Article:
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Schopenhauer's 38 ways to win an argument are:

1.
Carry your opponent's proposition beyond its natural limits; exaggerate it
. The more general your opponent's statement becomes, the more objections you ca
n find against it. The more restricted and narrow his or her propositions remain
, the easier they are to defend by him or her.
2.
Use different meanings of your opponent's words to refute his or her argum
ent.
3.
Ignore your opponent's proposition, which was intended to refer to a parti
cular thing. Rather, understand it in some quite different sense, and then refut
e it. Attack something different than that which was asserted.
4.
Hide your conclusion from your opponent till the end. Mingle your premises
here and there in your talk. Get your opponent to agree to them in no definite
order. By this circuitious route you conceal your game until you have obtained a
ll the admissions that are necessary to reach your goal.
5.
Use your opponent's beliefs against him. If the opponent refuses to accept
your premises, use his own premises to your advantage.
6.
Another plan is to confuse the issue by changing your opponent's words or
what he or she seeks to prove.
7.
State your proposition and show the truth of it by asking the opponent man
y questions. By asking many wide-reaching questions at once, you may hide what y
ou want to get admitted. Then you quickly propound the argument resulting from t
he opponent's admissions.
8.
Make your opponent angry. An angry person is less capable of using judgeme
nt or perceiving where his or her advantage lies.
9.
Use your opponent's answers to your questions to reach different or even o
pposite conclusions.
10.
If your opponent answers all your questions negatively and refuses to gran
t any points, ask him or her to concede the opposite of your premises. This may
confuse the opponent as to which point you actually seek them to concede.
11.
If the opponent grants you the truth of some of your premises, refrain fro
m asking him or her to agree to your conclusion. Later, introduce your conclusio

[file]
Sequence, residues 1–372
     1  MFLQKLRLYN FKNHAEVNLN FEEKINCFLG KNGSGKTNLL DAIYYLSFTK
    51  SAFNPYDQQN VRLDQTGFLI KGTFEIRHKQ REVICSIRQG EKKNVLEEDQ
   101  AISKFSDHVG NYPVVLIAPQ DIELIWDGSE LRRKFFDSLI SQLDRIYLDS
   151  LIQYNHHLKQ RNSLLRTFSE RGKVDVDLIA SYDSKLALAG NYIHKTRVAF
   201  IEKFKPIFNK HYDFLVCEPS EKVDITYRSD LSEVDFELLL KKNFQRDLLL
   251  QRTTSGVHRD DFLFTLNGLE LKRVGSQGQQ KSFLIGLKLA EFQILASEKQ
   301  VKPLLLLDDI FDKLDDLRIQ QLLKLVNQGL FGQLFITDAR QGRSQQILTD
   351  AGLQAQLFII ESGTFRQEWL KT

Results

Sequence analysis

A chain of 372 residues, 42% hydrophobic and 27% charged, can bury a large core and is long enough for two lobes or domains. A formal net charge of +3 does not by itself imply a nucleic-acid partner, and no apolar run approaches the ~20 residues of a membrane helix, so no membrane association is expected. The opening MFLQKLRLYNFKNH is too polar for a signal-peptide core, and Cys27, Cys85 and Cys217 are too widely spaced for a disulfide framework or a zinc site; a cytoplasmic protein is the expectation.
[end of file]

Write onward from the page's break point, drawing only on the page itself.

n as a settled and admitted fact. Your opponent may come to believe that your co
nclusion was admitted.
12.
If the argument turns upon general ideas with no particular names, you mus
t use language or a metaphor that is favorable in your proposition.
13.
To make your opponent accept a proposition, you must give him or her an op
posite, counter-proposition as well. If the contrast is glaring, the opponent wi
ll accept your proposition to avoid being paradoxical.
14.
Try to bluff your opponent. If he or she has answered several of your ques
tions without the answers turning out in favor of your conclusion, advance your
conclusion triumphantly, even if it does not follow. If your opponent is shy or
stupid, and you yourself possess a great deal of impudence and a good voice, the
trick may easily succeed.
15.

If you wish to advance a proposition that is difficult to prove, put it as


ide for the moment. Instead, submit for your opponent's acceptance or rejection
some true poposition, as thoug you wished to draw your proof from it. Should the
opponent reject it because he or she suspects a trick, you can obtain your triu
mph by showing how absurd the opponent is to reject a true proposition. Should t
he opponent accept it, you now have reason on your own for the moment. You can e
ither try to prove your original proposition or maintain that your original prop
osition is proved by what the opponent accepted. For this, an extreme degree of
impudence is required.
16.
When your opponent puts forth a proposition, find it inconsistent with his
or her other statements, beliefs, actions, or lack of action.
17.
If your opponent presses you with a counter proof, you will often be able
to save yourself by advancing some subtle distinction. Try to find a second mean
ing or an ambiguous sense for your opponent's idea.
18.
If your opponent has taken up a line of argument that will end in your def
eat, you must not allow him or her to carry it to its conclusion. Interrupt the
dispute, break it off altogether, or lead the opponent to a different subject.
19.
Should your opponent expressly challenge you to produce any objection to s
ome definite point in his or her argument, and you have nothing much to say, try
to make the argument less specific.
20.
If your opponent has admitted to all or most of your premises, do not ask
him or her directly to accept your conclusion. Rather draw the conclusion yourse
lf as if it too had been admitted.
21.
When your opponent uses an argument that is superficial, refute it by sett
ing forth its superficial character. But it is better to meet the opponent with
a counter argument that is just as superficial, and so dispose of him or her. Fo
r it is with victory that your are concerned, and not with truth.